Inside Instagram's War on Bullying

TIME - Tech

Ethan Cohen tried to laugh off his first experience with bullying on Instagram. Like many kids his age, the Raleigh, N.C., teen eagerly joined the platform in middle school, and one day he discovered fellow students snickering at an account. The feed was dedicated to jeers about what appeared to be a prominent muscle in his neck. One post compared it to the Great Wall of China. Another suggested "systems of equations" could be done on its size. To friends, he dismissed it as a dumb prank, but privately he was distressed. Someone was tailing him and posting mocking pictures for all to see. "The anonymity of it was freaky," says Cohen, now 18. He reported the account multiple times to Instagram.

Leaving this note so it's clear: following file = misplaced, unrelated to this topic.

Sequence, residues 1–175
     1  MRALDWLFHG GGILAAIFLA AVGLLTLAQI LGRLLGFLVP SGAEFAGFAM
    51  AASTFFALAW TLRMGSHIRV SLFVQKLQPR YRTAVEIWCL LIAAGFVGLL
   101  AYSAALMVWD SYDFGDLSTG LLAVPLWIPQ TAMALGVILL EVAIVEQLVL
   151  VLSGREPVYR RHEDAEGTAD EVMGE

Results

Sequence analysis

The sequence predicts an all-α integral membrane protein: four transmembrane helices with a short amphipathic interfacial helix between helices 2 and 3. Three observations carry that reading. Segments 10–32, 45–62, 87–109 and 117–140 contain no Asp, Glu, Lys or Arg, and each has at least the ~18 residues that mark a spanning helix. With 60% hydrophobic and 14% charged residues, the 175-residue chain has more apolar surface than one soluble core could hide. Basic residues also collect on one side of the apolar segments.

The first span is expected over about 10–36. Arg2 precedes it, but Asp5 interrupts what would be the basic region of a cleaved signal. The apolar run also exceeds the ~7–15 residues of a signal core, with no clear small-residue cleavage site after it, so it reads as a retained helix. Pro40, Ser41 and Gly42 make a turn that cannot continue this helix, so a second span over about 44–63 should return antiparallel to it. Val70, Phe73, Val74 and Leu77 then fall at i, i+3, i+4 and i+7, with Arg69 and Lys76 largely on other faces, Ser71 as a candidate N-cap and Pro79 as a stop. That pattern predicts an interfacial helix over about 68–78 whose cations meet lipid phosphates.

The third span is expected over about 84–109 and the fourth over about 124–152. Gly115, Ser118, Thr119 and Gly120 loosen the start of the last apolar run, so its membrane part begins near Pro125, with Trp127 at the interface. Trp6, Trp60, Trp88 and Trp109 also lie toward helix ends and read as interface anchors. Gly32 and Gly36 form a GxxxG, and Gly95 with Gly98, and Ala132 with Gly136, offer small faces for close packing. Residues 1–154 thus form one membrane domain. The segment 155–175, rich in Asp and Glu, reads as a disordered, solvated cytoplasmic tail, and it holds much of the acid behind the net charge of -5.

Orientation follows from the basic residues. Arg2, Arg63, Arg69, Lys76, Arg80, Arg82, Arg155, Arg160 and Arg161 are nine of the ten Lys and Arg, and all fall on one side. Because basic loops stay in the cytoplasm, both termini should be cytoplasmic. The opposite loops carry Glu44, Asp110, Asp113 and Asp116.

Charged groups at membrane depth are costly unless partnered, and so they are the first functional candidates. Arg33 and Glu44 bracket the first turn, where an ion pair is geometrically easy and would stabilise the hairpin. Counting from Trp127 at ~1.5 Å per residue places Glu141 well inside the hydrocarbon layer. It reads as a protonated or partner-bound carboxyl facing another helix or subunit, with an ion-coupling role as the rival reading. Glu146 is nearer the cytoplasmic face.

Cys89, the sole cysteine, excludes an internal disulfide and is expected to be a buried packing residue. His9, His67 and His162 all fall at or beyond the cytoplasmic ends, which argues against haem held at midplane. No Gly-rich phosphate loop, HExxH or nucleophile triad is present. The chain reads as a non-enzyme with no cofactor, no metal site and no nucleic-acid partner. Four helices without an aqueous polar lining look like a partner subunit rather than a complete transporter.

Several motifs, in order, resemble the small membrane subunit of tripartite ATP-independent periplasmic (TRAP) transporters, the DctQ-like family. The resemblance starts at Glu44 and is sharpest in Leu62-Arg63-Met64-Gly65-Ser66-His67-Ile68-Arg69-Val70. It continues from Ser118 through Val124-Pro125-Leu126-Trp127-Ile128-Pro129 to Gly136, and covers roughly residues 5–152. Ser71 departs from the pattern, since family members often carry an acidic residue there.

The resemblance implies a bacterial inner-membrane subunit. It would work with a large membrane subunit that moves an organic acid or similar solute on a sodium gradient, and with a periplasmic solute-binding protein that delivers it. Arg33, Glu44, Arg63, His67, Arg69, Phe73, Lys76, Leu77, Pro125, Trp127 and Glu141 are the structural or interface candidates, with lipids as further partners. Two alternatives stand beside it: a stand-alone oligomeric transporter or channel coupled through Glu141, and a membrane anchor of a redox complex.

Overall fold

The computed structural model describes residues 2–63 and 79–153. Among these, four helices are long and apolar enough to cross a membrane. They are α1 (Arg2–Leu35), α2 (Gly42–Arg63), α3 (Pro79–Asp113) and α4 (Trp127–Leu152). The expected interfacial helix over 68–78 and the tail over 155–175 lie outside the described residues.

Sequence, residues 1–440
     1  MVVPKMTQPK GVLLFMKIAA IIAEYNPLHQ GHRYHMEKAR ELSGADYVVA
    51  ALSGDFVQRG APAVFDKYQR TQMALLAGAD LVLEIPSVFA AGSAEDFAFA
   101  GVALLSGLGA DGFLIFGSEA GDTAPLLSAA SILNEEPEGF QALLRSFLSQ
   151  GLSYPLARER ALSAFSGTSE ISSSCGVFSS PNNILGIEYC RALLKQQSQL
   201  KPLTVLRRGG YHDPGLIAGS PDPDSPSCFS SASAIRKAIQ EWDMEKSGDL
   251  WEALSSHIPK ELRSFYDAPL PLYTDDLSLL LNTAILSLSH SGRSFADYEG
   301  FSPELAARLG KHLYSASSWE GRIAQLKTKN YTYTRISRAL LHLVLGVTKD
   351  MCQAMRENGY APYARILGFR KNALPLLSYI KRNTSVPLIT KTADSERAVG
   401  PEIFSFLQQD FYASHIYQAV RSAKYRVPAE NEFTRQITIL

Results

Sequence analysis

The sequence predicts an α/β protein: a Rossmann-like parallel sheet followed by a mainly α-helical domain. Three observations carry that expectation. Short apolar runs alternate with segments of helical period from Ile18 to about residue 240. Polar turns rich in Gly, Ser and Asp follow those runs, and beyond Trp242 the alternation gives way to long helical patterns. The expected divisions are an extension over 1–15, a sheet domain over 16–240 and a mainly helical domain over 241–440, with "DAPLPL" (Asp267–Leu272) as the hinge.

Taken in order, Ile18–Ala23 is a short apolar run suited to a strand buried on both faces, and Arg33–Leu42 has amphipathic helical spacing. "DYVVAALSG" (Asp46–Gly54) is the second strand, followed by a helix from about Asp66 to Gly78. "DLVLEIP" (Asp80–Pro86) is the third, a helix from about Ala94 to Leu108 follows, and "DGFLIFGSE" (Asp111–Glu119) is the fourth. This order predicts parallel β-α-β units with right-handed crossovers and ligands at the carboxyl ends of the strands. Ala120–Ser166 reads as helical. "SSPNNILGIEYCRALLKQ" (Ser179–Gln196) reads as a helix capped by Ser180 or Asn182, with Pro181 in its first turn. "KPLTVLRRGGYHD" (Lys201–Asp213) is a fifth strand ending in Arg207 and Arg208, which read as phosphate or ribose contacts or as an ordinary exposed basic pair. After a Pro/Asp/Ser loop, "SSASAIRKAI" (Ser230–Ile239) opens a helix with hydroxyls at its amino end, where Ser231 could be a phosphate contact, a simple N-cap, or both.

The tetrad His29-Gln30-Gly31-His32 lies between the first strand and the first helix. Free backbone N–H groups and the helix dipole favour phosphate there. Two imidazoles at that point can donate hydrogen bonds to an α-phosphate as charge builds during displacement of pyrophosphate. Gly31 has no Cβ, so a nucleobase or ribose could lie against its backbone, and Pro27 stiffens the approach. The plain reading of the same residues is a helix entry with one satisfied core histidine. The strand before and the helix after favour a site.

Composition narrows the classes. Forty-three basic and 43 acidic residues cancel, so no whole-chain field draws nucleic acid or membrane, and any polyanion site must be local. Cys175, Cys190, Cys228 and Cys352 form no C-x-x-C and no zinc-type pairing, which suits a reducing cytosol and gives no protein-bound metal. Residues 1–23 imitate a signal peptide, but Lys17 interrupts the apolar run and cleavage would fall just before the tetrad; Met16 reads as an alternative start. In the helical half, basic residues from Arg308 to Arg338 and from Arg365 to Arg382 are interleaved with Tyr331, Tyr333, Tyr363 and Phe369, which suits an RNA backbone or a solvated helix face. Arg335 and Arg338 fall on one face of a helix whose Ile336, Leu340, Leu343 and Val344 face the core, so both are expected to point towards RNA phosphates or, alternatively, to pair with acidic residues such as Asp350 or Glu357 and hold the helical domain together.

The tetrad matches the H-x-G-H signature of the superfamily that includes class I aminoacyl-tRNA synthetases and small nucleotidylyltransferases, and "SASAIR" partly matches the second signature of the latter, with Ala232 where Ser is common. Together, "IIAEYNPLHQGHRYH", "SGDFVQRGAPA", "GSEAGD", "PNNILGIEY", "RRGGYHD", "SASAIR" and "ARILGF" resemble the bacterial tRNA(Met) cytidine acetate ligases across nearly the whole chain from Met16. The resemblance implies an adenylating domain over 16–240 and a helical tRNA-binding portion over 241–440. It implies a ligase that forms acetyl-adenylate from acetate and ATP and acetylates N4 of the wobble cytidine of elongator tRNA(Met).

UPS behind first regular commercial drone delivery in America

Daily Mail - Science & tech

UPS will leverage drones to deliver medical samples in the first FAA-backed and continuous commercial deployment of drone technology in America. According to UPS, an autonomous drone -- Matternet's M2 quadcopter -- will travel between locations at WakeMed's campus in Raleigh, North Carolina, flying distances of up to 12.8 miles along a fixed, pre-determined route. Currently, the samples are delivered on the ground via courier cars, says UPS, making the shipments susceptible to road traffic. The use of drones will both increase efficiency and lower costs, the company says. Samples are loaded onto the drone which then flies a predetermined route to a landing pad located within the hospital.